When the news of the apparent collusion first hit the streets, it appeared no-one was going to accept responsibility. The only reason to do so would be to save the banking industry as a whole. On Monday July 2nd, 2012, the chairman Marcus Agius fell on his sword, stating he will step down after trying to find a replacement. However, his resignation was followed by the aggressive American chief executive Robert Diamond, Jr., who became Britain’s highest paid boss. Diamond brought the aggressive American banking culture of high risk, high reward ethos to Barclays. Ever since the merger of PhiBro and Solomon Brothers 1981, the aggressive market manipulating culture of the commodity business infiltrated both Wall Street and the banking industry. Solomon Brothers got their hand caught in the cookie-jar in 1991 manipulating the US government Treasury auctions. The commodity culture had taken over Wall Street.

Warren E. Buffett stepped forward and took control of Salomon Brothers Inc. as chairman Sunday, February 17th, 1991 and he quickly talked the U.S. Treasury secretary out of a ban on the firm’s participation in government bond auctions. Salomon Brothers then jettisoned its chairman and four other top executives because of the scandal involving the firm’s attempts to corner the market in Treasury bonds at several recent auctions. John Meriwether was a bond trader at Salomon Brothers where he rose to become the head of the domestic fixed income arbitrage group in the early 1980s. He eventually became vice-chairman of the company in 1988. In 1991, when Salomon was caught manipulating the Treasury securities auctions by submitting also false bids as has been going on in LIBOR, Meriwether was fined a $50,000 civil penalty and left Salomon. Three years later he started Long Term Capital Management (LTCM) that required the Federal Reserve bailout in September 1998.

Mr. Buffett owned a 14 percent stake in Salomon. Buffet was also involved in the attempted silver manipulation of 1993 carried out by PhiBro, who convinced Buffett they could make guaranteed profits in commodity trading. For years, the key to manipulating commodity markets was to shift inventories around to make it appear there was a sudden shortage. PhiBro began buying silver for Buffett and the CFTC saw the unusual activity and inquired at PhiBro asking for the client name. PhiBro refused to reveal the name and the CFTC order they exit the trade. The silver bulls were wiped out in the blink of an eye. This led to the next idea of moving operations to London. It is why AIG established its trading operations there that below up with the whole CDO scandal. MF Global was bouncing back and forth between New York and London as well. They post client’s funds in London as the firm’s property and proceed to trade with other people’s money.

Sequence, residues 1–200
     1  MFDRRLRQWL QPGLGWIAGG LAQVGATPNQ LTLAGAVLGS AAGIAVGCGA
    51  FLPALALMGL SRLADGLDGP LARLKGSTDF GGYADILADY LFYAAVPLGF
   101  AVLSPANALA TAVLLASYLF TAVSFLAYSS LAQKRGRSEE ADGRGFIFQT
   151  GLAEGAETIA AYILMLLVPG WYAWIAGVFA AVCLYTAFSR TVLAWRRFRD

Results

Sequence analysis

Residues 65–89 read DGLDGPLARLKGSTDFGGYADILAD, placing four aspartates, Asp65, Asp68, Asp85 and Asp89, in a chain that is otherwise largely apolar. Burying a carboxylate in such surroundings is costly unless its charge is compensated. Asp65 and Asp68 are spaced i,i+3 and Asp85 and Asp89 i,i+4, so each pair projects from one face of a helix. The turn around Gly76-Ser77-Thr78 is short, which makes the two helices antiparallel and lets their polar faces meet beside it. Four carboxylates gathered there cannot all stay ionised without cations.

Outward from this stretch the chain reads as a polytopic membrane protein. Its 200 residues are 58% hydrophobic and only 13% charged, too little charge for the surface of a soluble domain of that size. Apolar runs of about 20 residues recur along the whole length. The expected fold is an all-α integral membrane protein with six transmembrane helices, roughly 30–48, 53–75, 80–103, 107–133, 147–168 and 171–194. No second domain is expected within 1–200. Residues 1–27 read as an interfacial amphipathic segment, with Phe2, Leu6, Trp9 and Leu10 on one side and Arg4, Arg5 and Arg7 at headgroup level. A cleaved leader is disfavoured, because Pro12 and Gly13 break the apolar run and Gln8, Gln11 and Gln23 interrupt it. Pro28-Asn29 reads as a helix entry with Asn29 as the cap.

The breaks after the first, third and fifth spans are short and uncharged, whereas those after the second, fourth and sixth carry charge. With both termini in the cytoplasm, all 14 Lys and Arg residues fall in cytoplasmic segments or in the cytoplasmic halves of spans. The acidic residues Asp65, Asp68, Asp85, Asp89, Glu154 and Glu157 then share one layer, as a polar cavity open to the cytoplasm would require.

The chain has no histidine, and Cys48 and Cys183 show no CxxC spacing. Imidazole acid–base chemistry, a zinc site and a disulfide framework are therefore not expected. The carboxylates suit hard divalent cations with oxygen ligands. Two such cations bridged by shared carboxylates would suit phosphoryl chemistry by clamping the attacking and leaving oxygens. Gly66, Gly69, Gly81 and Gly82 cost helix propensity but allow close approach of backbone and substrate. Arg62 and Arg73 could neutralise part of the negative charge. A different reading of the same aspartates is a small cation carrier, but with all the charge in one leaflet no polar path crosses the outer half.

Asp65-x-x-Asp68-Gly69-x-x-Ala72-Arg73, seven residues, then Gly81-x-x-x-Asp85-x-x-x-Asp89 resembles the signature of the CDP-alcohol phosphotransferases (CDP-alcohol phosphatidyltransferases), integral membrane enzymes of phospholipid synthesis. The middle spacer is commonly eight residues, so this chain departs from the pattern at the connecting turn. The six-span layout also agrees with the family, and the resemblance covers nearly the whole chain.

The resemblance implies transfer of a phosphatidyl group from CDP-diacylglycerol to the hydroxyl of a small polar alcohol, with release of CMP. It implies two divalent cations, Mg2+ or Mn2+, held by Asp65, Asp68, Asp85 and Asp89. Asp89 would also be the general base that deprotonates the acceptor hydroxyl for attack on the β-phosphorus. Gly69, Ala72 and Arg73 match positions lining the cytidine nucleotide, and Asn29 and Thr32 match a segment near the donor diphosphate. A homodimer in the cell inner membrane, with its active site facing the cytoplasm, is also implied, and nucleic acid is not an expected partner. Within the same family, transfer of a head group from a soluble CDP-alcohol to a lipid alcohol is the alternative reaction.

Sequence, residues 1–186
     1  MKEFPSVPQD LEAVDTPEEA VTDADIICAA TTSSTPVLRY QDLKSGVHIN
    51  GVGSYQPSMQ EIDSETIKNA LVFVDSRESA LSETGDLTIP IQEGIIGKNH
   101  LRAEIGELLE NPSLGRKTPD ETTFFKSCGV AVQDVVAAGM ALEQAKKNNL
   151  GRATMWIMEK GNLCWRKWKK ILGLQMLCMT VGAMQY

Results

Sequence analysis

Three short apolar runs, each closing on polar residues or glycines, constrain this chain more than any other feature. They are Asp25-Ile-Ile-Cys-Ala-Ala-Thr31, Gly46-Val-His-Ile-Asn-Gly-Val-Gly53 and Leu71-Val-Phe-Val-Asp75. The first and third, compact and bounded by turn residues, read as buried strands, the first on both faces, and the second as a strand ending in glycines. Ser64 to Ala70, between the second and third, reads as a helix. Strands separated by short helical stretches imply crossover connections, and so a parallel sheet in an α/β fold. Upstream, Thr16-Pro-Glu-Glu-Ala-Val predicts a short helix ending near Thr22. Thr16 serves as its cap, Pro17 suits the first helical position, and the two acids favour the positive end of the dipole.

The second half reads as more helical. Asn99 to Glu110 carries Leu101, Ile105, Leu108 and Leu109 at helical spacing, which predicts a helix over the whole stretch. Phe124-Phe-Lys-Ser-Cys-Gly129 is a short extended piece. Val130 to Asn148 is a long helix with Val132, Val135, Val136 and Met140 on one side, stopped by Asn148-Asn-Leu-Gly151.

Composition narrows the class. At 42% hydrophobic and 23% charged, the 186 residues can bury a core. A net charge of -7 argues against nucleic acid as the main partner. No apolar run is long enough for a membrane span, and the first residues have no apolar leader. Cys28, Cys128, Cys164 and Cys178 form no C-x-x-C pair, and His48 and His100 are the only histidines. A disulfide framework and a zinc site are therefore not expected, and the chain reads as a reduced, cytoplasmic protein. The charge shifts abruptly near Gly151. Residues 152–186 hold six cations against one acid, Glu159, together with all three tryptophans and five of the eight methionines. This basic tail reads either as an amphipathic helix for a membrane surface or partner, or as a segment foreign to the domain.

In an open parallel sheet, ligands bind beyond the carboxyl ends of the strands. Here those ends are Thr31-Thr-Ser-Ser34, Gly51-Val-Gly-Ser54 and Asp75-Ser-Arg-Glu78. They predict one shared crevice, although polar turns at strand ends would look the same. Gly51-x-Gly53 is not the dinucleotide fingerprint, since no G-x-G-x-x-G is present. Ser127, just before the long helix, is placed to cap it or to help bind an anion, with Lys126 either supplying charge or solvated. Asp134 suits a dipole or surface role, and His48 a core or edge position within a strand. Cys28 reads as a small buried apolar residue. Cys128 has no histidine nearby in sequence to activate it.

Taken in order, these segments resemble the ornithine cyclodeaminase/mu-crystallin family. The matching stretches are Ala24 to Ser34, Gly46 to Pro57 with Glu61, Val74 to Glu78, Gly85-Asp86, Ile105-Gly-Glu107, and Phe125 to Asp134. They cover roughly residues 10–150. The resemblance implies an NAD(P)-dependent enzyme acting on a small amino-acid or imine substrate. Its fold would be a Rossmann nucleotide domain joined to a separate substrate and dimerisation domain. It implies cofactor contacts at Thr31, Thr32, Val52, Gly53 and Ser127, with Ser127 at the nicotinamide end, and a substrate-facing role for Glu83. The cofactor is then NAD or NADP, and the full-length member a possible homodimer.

Buffett’s fascination with this crowd did not fade away. The second venture with PhiBro came in 1997. This time, they rolled out the old 1970s commodity trick of moving inventory. They began shipping silver from New York to London and it was there that Buffett would buy silver neatly hidden behind the international cloak. Inventory in New York plummeted and they fed this news to the perpetual metal bulls to set them up for the kill as always. After silver prices doubled from September 1997 into February 1998, the CFTC was forced to announce th

at it was looking into the accusations of market manipulations. The CFTC called the Bank of England who ordered all silver brokers to show up the next morning. This forced Warren Buffet to come out and announce that night on February 3 disclosing he purchased about $1 billion in silver shocking the financial world that had assumed Buffet only traded stocks.

The Oracle of Omaha disclosed that he had taken a major shine to the metal and bought up 129.7 million oz. of the stuff or about 37% of the world’s aboveground stock of raw silver, according to the CPM group, a commodities and precious-metals consulting firm. Purchasing far less than that, the Hunt Brothers found themselves testifying before Congress and trying to explain their failed attempt to manipulate silver. The difference was the real commodity manipulators played the Hunts for country hicks. They sold them silver, call the press on them, and then rigged the exchange to make it 10 times greater margins to be long than short. With the help of the exchange, the market manipulators served up the hunts who were blamed for everything.

Buffett’s purchases shifted vast amounts of silver from U.S. warehouses, where stocks of the metal were publicly listed, to warehouses in London that are not required to disclose how much they hold. That helped to keep the purchases under wraps. The disappearance caused a Canadian investor to sue the giant commodities-trading firm Phibro for deliberately hiding supplies of silver to push prices up. Phibro, a unit of the Travelers Group–whose shareholders include Buffett’s Berkshire Hathaway holding company–denied the charge.

So once again we come full circle. Robert Diamond took the American manipulation philosophy right into the heart of Barclays. Just last year Robert Diamond was telling a committee of MPs in Britain that it was time for the banks to stop apologizing for bad behavior. He arrogantly testified that this period of remorse and apology for banks needs to be over. We need our banks willing to take risk, he confidently boasted. The culture from the commodities world has completely consumed Wall Street, the Banks, and has resulted in the clever reverse takeover of government. Bankers have assumed key positions such as Robert Rubin of Goldman Sachs who became Treasury Secretary under President Clinton and then got Glass-Steagall repealed, without which the 2007-2009 economic downturns would not have been possible.